Tequila Plant Sweetener Claims to Reduce Blood Sugar and Weight In Diabetics, but We Are Skeptical

Another day, another overly-catchy "natural" health headline. This time, we are being told that the "tequila plant" can be made into a better sweetener than existing alternatives. "Tequila plant sweetener could help reduce blood sugar, weight among diabetics," says The Times of India, and "New sweetener from the tequila plant may aid diabetes, weight loss," says Forbes. Very cool, if true — but, given the track record of breakthroughs such as this (aspartame, splenda, stevia, and other alternative sweeteners), I'm prepared to be skeptical. What is the claim? And what is the evidence?

As you'll see if you Google "tequila plant," these headlines just refer to the agave plant, from which a variety of products — including but not limited to tequila — are made. But attention-grubbing headlines aside, here's the real news, about an agave-derived compound called "agavins" (not to be confused with ordinary agave syrup, health breakthrough of a few years ago):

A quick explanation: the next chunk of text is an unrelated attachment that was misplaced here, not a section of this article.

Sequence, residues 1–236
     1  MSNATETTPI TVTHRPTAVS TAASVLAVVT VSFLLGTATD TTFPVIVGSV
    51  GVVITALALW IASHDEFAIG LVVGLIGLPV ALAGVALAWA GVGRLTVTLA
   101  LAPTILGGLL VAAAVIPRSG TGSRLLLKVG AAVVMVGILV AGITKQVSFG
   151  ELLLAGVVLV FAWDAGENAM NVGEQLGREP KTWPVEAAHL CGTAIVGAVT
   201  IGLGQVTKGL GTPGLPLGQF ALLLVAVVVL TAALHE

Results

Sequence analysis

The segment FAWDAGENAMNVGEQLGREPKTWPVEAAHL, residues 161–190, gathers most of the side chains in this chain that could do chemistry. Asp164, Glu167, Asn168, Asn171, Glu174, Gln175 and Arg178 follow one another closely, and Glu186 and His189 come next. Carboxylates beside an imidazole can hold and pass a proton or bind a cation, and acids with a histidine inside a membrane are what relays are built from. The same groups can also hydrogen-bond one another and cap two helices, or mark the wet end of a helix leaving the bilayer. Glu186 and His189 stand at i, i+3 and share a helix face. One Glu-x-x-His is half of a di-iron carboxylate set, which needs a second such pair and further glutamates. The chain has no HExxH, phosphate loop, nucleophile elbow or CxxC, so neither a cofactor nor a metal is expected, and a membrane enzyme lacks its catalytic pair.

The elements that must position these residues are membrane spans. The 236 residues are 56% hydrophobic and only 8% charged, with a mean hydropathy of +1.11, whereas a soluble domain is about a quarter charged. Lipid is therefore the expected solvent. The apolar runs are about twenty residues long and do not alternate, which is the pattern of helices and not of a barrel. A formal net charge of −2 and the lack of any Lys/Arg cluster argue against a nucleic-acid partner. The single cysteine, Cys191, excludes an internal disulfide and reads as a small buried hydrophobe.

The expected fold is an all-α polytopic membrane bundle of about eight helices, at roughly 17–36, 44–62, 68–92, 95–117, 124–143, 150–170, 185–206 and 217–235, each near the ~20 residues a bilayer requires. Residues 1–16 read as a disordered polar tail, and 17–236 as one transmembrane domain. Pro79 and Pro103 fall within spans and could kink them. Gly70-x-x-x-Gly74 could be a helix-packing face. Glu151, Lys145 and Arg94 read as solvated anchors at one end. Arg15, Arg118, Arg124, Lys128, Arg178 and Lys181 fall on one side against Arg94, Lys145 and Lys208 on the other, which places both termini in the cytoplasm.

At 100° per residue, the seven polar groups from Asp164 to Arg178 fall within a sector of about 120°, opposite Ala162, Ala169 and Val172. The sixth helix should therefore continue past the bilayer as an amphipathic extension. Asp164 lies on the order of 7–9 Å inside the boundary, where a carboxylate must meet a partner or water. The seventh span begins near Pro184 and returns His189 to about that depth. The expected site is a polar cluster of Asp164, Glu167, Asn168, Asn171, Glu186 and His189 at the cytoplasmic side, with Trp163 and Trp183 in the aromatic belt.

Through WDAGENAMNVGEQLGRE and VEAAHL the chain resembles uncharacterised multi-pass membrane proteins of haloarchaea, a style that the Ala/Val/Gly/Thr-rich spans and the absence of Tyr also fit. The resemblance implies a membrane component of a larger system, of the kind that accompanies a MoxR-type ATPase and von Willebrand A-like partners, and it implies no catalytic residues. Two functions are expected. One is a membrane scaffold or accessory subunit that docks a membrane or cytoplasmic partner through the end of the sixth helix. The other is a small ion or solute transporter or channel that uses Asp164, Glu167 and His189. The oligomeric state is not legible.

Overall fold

Scientists fed a group of mice a standard diet and added agavins to their daily water. They weighed the mice daily and checked their glucose blood levels weekly.
Most mice that drank agavins ate less, lost weight and their blood glucose levels decreased when compared to other sweeteners such glucose, fructose, sucrose, agave syrup and aspartame.

That's right: mice who drink agavins-containing water experience some benefits as compared to mice drinking otherwise-sweetened water. How about a plain water control group? Apparently, no such luck.

Researchers' theoretical explanation for the effect is convenient:

“We believe that agavins have a great potential as light sweeteners since they are sugars, highly soluble, have a low glycemic index, and a neutral taste, but most important, they are not metabolized by humans,” read the study abstract. “This puts agavins in a tremendous position for their consumption by obese and diabetic people.”

Sounds like the stuff scientific careers are made of! But, admittedly, the researchers still don't know whether agavins are effective — let alone safe — in humans. So, a word to the wise diabetic: for now, please continue following your doctor's advice regarding all sweeteners (and your diet in general), and don't hang your hat too much on the future of a possibly awesome (but also possibly dangerous and/or useless) novelty substance.